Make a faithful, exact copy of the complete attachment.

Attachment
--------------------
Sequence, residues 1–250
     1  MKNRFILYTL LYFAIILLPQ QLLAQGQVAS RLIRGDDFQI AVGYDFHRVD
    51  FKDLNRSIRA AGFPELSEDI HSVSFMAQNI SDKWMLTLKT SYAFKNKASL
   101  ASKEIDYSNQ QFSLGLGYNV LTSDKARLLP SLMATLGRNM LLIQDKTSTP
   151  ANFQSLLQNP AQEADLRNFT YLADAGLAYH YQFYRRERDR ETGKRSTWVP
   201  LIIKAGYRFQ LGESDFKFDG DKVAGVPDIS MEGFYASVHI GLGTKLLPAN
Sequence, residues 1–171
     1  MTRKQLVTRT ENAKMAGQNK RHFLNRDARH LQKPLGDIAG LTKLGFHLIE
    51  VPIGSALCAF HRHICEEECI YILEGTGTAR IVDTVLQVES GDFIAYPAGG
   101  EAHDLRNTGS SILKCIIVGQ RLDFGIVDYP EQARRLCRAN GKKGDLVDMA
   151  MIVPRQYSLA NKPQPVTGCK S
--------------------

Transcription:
Sequence, residues 1–250
     1  MKNRFILYTL LYFAIILLPQ QLLAQGQVAS RLIRGDDFQI AVGYDFHRVD
    51  FKDLNRSIRA AGFPELSEDI HSVSFMAQNI SDKWMLTLKT SYAFKNKASL
   101  ASKEIDYSNQ QFSLGLGYNV LTSDKARLLP SLMATLGRNM LLIQDKTSTP
   151  ANFQSLLQNP AQEADLRNFT YLADAGLAYH YQFYRRERDR ETGKRSTWVP
   201  LIIKAGYRFQ LGESDFKFDG DKVAGVPDIS MEGFYASVHI GLGTKLLPAN
Sequence, residues 1–171
     1  MTRKQLVTRT ENAKMAGQNK RHFLNRDARH LQKPLGDIAG LTKLGFHLIE
    51  VPIGSALCAF HRHICEEECI YILEGTGTAR IVDTVLQVES GDFIAYPAGG
   101  EAHDLRNTGS SILKCIIVGQ RLDFGIVDYP EQARRLCRAN GKKGDLVDMA
   151  MIVPRQYSLA NKPQPVTGCK S